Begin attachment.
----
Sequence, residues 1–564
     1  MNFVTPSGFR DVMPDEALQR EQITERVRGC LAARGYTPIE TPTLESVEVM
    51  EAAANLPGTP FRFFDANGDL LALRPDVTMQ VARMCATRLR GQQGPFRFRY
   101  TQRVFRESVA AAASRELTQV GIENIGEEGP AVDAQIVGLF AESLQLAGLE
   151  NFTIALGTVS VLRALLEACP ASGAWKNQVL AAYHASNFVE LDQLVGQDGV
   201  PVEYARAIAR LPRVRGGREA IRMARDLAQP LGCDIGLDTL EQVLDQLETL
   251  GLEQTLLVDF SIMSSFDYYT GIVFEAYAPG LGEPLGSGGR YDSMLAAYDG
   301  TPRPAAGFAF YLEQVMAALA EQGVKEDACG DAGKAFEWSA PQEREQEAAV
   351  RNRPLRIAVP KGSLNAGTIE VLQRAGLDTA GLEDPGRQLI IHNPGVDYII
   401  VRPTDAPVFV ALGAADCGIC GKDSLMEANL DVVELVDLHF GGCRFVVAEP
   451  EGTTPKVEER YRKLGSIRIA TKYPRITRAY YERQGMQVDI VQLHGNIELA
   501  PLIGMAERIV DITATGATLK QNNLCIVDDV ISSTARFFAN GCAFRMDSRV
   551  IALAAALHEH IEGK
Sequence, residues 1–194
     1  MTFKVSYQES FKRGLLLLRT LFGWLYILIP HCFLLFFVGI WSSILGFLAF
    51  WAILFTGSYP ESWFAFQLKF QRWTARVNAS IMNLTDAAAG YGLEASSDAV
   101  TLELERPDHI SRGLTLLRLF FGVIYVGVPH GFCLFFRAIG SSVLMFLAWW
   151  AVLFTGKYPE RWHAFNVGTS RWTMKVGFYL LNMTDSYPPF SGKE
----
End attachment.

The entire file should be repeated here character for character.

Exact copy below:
Sequence, residues 1–564
     1  MNFVTPSGFR DVMPDEALQR EQITERVRGC LAARGYTPIE TPTLESVEVM
    51  EAAANLPGTP FRFFDANGDL LALRPDVTMQ VARMCATRLR GQQGPFRFRY
   101  TQRVFRESVA AAASRELTQV GIENIGEEGP AVDAQIVGLF AESLQLAGLE
   151  NFTIALGTVS VLRALLEACP ASGAWKNQVL AAYHASNFVE LDQLVGQDGV
   201  PVEYARAIAR LPRVRGGREA IRMARDLAQP LGCDIGLDTL EQVLDQLETL
   251  GLEQTLLVDF SIMSSFDYYT GIVFEAYAPG LGEPLGSGGR YDSMLAAYDG
   301  TPRPAAGFAF YLEQVMAALA EQGVKEDACG DAGKAFEWSA PQEREQEAAV
   351  RNRPLRIAVP KGSLNAGTIE VLQRAGLDTA GLEDPGRQLI IHNPGVDYII
   401  VRPTDAPVFV ALGAADCGIC GKDSLMEANL DVVELVDLHF GGCRFVVAEP
   451  EGTTPKVEER YRKLGSIRIA TKYPRITRAY YERQGMQVDI VQLHGNIELA
   501  PLIGMAERIV DITATGATLK QNNLCIVDDV ISSTARFFAN GCAFRMDSRV
   551  IALAAALHEH IEGK
Sequence, residues 1–194
     1  MTFKVSYQES FKRGLLLLRT LFGWLYILIP HCFLLFFVGI WSSILGFLAF
    51  WAILFTGSYP ESWFAFQLKF QRWTARVNAS IMNLTDAAAG YGLEASSDAV
   101  TLELERPDHI SRGLTLLRLF FGVIYVGVPH GFCLFFRAIG SSVLMFLAWW
   151  AVLFTGKYPE RWHAFNVGTS RWTMKVGFYL LNMTDSYPPF SGKE